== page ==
I woke from the c/s to find a neonatologist sitting next to me with photos of my newborn daughter, and was clutching these as I was wheeled out to my husband. Linda weighed 555g (1 lb 2 oz), was 29cm long and had breathed on her own when ‘extracted’. I was fine.
I don’t remember much of the first couple of days, my husband’s comment was that she looked like a ‘skun rabbit’. His wedding ring fitted over her arm at the shoulder. I began expressing colostrum, and found that milk supply was one thing I could do very successfully – even if she could only have 0.5 mL at a time. Linda progressed: a hole between her arteries closed with the assistance of some drugs, she recovered from a bout of necrotising enterocolitis, and the typical retinopathy of prematurity issues never actually required surgery. She was very small and grew slowly, and was taken off breast milk at about 3 months old as she wasn’t digesting the fats thoroughly – her early intravenous feeds had blocked her bile ducts, and they needed time to clear out and return her digestion to normal. A low-fat formula improved her stools and her sleeping as her gut pain eased. She took some time to wean completely off oxygen and learn to bottle-feed, but was great at pulling her tubes and monitors off!
After 4 months and 10 days, we brought Linda home, weighing 2.2 kg. Having expressed to maintain some milk supply, I was able to wean her back onto full breastfeeding three months later. Soon she was rolling, then crawling, finally steps, words, climbing, jumping and great social relationships... nearly enough to forget how this all started!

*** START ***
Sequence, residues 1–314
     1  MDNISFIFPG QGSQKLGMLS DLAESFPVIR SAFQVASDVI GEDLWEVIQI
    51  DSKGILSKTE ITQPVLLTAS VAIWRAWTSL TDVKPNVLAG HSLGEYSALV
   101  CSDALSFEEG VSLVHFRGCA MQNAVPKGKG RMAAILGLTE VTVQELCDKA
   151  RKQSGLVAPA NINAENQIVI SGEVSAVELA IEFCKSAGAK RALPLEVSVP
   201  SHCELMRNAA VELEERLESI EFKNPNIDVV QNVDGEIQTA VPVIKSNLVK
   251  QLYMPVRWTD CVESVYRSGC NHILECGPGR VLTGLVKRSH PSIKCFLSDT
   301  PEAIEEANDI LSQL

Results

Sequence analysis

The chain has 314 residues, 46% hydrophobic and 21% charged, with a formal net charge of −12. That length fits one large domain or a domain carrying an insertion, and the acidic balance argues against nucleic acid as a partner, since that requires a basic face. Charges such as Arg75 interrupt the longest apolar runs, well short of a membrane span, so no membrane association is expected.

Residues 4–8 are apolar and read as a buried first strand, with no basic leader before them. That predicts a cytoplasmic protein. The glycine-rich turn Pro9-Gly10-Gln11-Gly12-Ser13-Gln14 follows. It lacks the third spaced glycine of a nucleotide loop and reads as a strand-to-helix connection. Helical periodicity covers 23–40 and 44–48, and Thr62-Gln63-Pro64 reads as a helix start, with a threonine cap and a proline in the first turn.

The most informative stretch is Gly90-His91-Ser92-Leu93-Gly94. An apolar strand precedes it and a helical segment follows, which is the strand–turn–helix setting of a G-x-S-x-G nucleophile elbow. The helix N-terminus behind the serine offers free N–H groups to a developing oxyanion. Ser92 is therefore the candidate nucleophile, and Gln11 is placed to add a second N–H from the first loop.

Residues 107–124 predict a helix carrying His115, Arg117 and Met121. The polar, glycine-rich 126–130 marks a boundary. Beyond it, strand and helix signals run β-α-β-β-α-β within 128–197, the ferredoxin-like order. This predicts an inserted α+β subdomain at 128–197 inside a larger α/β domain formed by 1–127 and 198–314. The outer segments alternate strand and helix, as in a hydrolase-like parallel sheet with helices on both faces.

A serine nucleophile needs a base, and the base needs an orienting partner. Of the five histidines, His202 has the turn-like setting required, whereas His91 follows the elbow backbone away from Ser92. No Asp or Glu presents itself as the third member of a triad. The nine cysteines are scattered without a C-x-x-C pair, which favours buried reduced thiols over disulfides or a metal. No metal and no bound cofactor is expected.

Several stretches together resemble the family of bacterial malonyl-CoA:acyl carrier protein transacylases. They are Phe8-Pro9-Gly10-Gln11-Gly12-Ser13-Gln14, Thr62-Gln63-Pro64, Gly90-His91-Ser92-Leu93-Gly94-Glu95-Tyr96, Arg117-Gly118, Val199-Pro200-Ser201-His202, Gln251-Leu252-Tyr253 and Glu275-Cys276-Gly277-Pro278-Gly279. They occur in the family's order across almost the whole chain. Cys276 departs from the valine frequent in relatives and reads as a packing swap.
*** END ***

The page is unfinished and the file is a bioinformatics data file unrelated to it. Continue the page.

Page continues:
Linda has remained small, but this hasn’t stunted her capacities. She’s a little behind in motor skills and speech, but not enough to require any specific catch-up therapy. I frequently get comments about how well she’s doing for her age, with people assuming her age relates to her size. She attends a wonderful local day-care, where we have gradually increased her hours as she’s improved her independence – at 2½ she does 4 mornings and one full day each week.
At birth, we felt we’d landed one of the poorest outcomes we could have hoped for. But nearly 3 years later we have one of the best, most ‘normal’ children we know. And the early challenges become forgotten as we deal with painting skills involving food and door handles that are now within reach. Yay!!!
Update August 2014
Time flies, children grow, and our little Linda is now 6. Still little - her growth chart lines track along below the 1% line and mean that she'll always be shorter than her peers. But this is the only lingering outcome of her MT16, which began to fade from our lives when her 3 year old assessments came back "normal" (or even better than normal) - the first time we'd heard that prognosis since early pregnancy. This girl is intelligent, strong, socially capable and a very welcome part of our family - which has expanded to include two more "normal" children (after one early miscarriage). Perspective is a wonderful thing for us.